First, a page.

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Tuesday, July 23, 2024
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NHL Faces a Reset After Meruelo’s Missteps and Coyotes Collapse

  • Alex Meruelo abandons his efforts to reactivate the franchise in Phoenix.
  • The embattled owner developed few political allies in his efforts to build an arena.
Joe Camporeale-USA TODAY Sports

Just two months after establishing a long-range plan to revive pro hockey in the Phoenix area, the NHL will now need to hit the reset button on what has long been a problematic market for the league. 

Alex Meruelo, the owner of the dormant Coyotes franchise, is abandoning efforts to reactivate the team, marking an abrupt end to his attempted restoration. The move closely follows the cancellation of an auction by the Arizona State Land Department for a 110-acre piece of state-owned property in north Phoenix that Meruelo sought to purchase for a new arena. But despite the nearly five years Meruelo still has in his deal with the NHL to secure an arena agreement, there was no backup site option for the team and, thus, no viable path forward for him.

Neither the team nor the league has yet issued a statement on the decision. But Front Office Sports confirmed an initial report from PHNX Sports. FOS has further learned that the owner’s son, Alex Meruelo Jr., relayed the change in course to remaining team staff. Most of those last Coyotes employees have been laid off, but a small handful of people are still employed by the team, a source with knowledge of the situation said.

Meruelo’s Struggles

The problems surrounding Meruelo, however, went far beyond land and zoning issues that led to the aborted auction. In his five years as majority owner of the Coyotes, Meruelo developed very few political allies locally and often found himself in various disputes with multiple jurisdictions across the Phoenix area. Support was also weak for the use of any type of public funds, including property tax abatements, for the arena project.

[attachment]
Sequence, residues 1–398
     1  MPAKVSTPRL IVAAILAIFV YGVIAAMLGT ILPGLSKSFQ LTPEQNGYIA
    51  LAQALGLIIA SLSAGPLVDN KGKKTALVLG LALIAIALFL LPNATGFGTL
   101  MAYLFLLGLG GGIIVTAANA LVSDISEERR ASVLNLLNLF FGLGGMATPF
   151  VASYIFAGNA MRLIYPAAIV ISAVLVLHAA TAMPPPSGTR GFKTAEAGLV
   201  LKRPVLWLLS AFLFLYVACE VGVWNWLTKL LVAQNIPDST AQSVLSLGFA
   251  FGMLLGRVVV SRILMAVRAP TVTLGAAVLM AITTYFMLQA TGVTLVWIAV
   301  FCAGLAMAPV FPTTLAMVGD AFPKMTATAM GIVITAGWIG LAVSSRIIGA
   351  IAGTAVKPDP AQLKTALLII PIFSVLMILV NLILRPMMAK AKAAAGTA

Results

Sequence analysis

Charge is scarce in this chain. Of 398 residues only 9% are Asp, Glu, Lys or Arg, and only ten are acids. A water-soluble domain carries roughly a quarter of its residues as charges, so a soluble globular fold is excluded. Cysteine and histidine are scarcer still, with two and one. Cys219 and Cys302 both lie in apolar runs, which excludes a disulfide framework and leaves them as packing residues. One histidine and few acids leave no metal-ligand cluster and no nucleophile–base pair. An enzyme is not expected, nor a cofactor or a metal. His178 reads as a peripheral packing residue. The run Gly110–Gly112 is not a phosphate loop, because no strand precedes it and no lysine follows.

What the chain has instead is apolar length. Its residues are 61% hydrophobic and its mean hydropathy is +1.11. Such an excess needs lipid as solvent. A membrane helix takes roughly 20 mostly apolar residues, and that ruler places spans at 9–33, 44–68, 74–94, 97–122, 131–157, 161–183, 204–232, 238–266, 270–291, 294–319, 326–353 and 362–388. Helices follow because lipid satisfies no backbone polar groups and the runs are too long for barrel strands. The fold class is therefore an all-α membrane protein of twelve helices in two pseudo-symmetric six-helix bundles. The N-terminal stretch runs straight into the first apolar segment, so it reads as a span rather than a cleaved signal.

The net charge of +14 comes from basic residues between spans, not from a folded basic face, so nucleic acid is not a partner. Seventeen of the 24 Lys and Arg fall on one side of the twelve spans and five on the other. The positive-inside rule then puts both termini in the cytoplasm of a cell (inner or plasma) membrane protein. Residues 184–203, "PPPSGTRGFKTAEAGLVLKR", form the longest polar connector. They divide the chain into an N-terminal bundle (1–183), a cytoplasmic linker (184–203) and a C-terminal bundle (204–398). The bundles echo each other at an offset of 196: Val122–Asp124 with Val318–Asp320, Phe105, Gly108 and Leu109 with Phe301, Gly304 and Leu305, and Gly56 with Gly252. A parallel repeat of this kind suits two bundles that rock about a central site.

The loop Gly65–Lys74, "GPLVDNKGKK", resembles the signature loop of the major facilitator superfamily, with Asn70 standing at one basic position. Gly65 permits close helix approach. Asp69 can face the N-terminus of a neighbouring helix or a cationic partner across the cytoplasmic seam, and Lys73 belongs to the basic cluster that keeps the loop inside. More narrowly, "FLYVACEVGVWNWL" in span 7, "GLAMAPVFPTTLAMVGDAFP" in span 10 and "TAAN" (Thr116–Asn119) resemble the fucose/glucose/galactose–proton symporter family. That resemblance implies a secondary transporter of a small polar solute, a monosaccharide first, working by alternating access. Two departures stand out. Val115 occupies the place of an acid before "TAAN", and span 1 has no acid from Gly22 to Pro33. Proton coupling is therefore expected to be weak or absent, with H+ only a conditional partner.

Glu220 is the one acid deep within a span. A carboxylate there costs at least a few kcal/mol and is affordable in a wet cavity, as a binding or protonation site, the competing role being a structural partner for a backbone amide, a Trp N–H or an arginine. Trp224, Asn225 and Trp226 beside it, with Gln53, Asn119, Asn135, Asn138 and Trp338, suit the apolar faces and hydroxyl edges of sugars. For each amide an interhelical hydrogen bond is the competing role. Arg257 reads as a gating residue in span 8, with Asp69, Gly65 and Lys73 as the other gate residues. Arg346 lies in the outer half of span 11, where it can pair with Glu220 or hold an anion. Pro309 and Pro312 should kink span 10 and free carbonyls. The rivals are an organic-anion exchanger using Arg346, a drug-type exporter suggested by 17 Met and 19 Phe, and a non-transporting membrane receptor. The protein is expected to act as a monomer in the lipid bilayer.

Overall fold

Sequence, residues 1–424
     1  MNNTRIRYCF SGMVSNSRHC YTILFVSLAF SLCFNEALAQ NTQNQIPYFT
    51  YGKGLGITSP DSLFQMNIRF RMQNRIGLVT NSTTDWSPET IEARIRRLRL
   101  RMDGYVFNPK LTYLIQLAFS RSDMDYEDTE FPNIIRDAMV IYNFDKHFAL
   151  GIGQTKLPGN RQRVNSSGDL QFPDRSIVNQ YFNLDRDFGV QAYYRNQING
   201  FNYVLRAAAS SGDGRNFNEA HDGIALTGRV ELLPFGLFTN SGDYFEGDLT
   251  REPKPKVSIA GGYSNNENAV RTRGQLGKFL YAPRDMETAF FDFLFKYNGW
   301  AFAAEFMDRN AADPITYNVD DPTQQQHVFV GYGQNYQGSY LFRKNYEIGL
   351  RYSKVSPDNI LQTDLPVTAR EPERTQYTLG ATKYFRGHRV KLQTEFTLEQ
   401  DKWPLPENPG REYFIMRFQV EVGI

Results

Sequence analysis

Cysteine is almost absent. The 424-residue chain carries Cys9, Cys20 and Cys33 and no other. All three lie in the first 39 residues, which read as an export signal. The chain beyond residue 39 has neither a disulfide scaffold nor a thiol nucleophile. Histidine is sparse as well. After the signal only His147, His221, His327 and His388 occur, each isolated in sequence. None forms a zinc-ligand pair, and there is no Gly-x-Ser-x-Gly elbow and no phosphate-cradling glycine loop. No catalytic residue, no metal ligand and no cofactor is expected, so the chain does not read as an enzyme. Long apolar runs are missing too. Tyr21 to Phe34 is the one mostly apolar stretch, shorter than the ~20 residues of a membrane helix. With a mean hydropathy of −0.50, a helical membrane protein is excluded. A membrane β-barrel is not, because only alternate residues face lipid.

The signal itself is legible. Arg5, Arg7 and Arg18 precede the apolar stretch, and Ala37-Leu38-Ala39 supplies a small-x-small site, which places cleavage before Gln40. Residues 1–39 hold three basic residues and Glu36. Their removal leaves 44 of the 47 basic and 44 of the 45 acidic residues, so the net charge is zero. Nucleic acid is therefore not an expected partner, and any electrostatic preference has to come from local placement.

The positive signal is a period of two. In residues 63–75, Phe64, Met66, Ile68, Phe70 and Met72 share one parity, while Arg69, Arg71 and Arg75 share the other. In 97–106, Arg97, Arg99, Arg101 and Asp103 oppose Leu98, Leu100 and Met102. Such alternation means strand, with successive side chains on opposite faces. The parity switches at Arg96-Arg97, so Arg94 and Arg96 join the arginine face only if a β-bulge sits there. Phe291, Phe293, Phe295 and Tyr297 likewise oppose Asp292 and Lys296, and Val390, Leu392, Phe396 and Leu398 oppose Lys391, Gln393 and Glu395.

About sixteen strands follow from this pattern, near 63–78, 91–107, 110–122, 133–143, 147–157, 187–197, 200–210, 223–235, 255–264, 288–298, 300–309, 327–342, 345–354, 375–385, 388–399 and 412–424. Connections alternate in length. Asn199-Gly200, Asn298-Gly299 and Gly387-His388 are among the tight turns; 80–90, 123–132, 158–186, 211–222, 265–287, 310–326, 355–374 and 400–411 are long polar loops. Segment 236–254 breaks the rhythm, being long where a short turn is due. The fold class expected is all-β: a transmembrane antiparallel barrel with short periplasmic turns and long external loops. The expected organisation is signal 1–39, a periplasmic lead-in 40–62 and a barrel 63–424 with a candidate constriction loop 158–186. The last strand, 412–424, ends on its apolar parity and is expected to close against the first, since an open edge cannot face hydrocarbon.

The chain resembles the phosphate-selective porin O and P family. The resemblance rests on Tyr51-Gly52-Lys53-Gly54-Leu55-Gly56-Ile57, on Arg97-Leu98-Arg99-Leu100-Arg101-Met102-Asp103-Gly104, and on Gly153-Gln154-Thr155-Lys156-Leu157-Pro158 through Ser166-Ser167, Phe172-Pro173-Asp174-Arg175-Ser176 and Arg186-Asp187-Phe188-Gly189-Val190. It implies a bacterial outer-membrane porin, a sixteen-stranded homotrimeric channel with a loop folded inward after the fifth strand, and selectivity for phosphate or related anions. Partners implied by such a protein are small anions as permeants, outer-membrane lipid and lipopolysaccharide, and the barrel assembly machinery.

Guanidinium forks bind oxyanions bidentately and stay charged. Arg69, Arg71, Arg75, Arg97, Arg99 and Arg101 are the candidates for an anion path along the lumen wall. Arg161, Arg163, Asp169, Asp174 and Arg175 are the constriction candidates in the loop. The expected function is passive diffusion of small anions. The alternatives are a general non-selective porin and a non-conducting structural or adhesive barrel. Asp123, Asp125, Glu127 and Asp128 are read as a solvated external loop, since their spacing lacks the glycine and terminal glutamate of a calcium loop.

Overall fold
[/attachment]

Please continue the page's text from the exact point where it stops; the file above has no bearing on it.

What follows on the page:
So as complications quickly arose with the north Phoenix parcel, Meruelo had essentially no fallback options. 

“No one should be surprised at this ownership group’s incompetence and duplicity,” Tempe councilman Randy Keating tells FOS. “They were told several times what they needed to do to move forward with the auction by the City of Phoenix and not only chose not to do so, but then had the gall to cast blame. The call is, and always has been, coming from inside the house. Fans deserve so much better.”

Expansion Considerations

With the opportunity now for a fresh start in Phoenix with a different ownership group, the NHL could ultimately view the market much like other cities that have openly sought an expansion or relocated franchise, including Houston, Atlanta, and Quebec City. NHL commissioner Gary Bettman has long been an advocate of the Phoenix area, and it ranks as the No. 11 U.S. media market, helping to explain that support. But the city might ultimately find itself placed in a new consideration by the NHL without a sitting franchise, or the pathway to one, and it is smaller than both Houston and Atlanta.

For now, Bettman has not formalized any expansion considerations, despite robust interest from what he says are “at least half a dozen places.” But that is expected in some circles to eventually change, particularly as the league has just completed a banner season with a variety of new records in key business metrics such as attendance and revenue. 

Meanwhile, the former Coyotes team is thriving thus far in its new home of Utah. Despite Salt Lake City’s standing as a smaller media market—ranking 27th—the immediate reaction from fans to the new Utah Hockey Club franchise has been intense, creating something of a capacity issue for the franchise. More than 34,000 deposits for season tickets have been received, a figure far in excess of the roughly 10,000 seats at the Delta Center that will initially offer unobstructed views for hockey. Bettman has likened the fan frenzy there to “drinking from a fire hose.”

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